Sunday, June 21, 2015

Tip or No Tip?

Here's a tip...tip.
I have been very anxiously awaiting the opening of the Loyal Legion beer hall here in Portland. 99 taps of all-Oregon beers on my side of the river? Heck, yeah! Loyal Legion is scheduled to open it's doors on July 8th and you can bet I'll have my size 40 pants parked on a stool at SE 6th and Alder as soon as they turn the lights and taps on. 

One interesting tidbit that I read about Loyal Legion was that the owner, Kurt Huffman, will not be allowing tipping in his establishment. Instead, he plans to offer his employees a "living wage". Dishwashers will get $15 an hour and servers will make $18 an hour. You can read the KGW story about it HERE

Zero tips? I'm sure Mr. Pink from Reservoir Dogs would be The tipping debate has been going on for a long time. I know some jer...uh, hum...folks who are dead set against tipping. Me? I tip and I tip generously. I visit enough bars, restaurants, beer halls and taprooms to appreciate good service, and I can recognize when someone is working their butt off to get a cold one (or six) in front of me. Is replacing the current tipping system with a higher rate of pay a good idea?

Huffman was quoted as saying, "The current tipping system in Oregon and other states where the tip credit is illegal is just not fair," Huffman said. "The way it is now makes for a very absurd inequity between the tip-earning staff and the non-tip-earning staff."

His reasoning certainly appears sound. Both of my step-kids have worked as servers and support staff in restaurants. My stepson is currently a server and barback at a restaurant in Eugene. Just based on his ongoing complaints, I can see that there are a lot of problems with the way tips are reported and distributed in Oregon restaurants. From what I can ascertain, many of the problems stem from managers who have arbitrary or inconsistent policies about the division of the tips.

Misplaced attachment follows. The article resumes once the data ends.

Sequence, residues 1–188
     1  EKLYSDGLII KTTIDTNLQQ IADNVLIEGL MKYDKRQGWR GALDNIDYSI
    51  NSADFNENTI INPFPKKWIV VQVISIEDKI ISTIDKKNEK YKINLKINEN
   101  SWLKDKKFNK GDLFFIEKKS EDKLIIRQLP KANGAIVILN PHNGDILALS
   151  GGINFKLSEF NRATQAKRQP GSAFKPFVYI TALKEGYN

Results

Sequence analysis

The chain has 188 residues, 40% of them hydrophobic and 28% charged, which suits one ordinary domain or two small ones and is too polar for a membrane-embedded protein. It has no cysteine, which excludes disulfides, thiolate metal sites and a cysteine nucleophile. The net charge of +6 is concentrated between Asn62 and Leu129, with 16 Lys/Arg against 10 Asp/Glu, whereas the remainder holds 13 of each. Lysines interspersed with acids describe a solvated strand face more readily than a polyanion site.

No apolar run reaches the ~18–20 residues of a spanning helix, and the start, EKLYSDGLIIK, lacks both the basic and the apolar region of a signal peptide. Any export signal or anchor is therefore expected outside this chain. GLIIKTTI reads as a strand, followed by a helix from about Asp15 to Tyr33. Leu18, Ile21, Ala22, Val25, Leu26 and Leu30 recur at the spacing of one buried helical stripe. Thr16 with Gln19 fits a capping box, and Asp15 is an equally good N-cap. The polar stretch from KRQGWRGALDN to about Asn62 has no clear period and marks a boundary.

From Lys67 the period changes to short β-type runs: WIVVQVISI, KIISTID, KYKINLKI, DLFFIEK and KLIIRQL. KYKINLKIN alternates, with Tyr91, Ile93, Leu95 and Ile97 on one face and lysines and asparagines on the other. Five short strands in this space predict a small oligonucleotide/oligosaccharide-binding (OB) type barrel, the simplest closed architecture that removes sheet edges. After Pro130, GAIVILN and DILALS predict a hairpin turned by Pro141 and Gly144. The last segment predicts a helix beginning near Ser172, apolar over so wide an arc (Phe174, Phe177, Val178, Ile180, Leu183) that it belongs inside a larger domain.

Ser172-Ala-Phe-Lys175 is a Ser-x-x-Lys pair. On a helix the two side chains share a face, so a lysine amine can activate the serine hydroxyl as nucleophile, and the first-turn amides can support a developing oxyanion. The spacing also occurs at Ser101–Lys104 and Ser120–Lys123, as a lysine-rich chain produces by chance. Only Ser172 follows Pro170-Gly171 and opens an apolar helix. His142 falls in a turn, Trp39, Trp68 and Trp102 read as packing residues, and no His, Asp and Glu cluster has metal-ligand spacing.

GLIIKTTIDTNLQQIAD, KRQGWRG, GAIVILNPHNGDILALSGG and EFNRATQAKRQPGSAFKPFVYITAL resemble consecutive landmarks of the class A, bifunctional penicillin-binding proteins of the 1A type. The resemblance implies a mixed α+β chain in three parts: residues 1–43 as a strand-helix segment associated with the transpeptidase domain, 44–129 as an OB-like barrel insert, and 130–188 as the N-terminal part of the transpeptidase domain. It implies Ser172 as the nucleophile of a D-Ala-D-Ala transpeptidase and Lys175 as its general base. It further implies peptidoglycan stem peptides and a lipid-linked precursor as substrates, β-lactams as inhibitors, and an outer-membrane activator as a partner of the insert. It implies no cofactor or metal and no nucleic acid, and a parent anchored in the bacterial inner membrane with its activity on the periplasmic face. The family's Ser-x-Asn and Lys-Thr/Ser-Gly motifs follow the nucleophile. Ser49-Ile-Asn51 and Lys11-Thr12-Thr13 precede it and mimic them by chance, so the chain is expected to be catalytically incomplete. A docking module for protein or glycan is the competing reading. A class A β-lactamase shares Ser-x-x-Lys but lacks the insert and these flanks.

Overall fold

What? Did you think that your waiter or bartender simply pocketed that fiver you left behind and spent it at 7-11 on the way home? Oh, no, Charlie! Quite often, a number of people are in line for a cut of that tip money.

Some establishments pool the tips and divide them evenly among the entire shift crew. That seems fair, but could have a negative impact on incentive and morale, especially when some workers aren't pulling their weight. Some restaurants have odd rules about splitting tips at different percentages among various back-of-the-house workers. One of my step-daughter's employers incorrectly reported the tips on her W-2, which created quite a problem for her when she did her taxes this year. It all sounds very complicated and beyond my meager math skills.

My initial reaction was to applaud Loyal Legion's no tip/higher wage decision, but I decided that I really didn't have enough information. Thus, I went right to the source: the bartenders and servers at my favorite watering holes. I asked them if they would be interested in working in a tip-less environment for $18 and hour. Their response was overwhelming AGAINST the no tip policy. Here are some of their direct quotes:

"My boss could never pay me a much as my customers do."

"That sounds like a good deal for someone who works at Red Robin, but $18 an hour would be a big cut in pay for me."

"They will never attract top people with that kind of arrangement. The people they hire will eventually take their training to a place like this one for more money."

"I'm a professional and I know how to work my tips. I make WAY more than $18 an hour on a busy night. Look, I just picked up $20 from the bar right now."

My thought is that perhaps serving just beer and pub grub in a massive beer hall might be the appropriate environment for zero tipping. It might be a successful way to go for Loyal Legion but might not work so well for other bars and restaurants. Certainly, a talented bartender in a popular bar or a waiter in a fine dining establishment would require more than the $18 an hour proposed. What do you think? I would love to hear from more restaurant and bar professionals on the issue. Leave a comment below, or drop me an email at 

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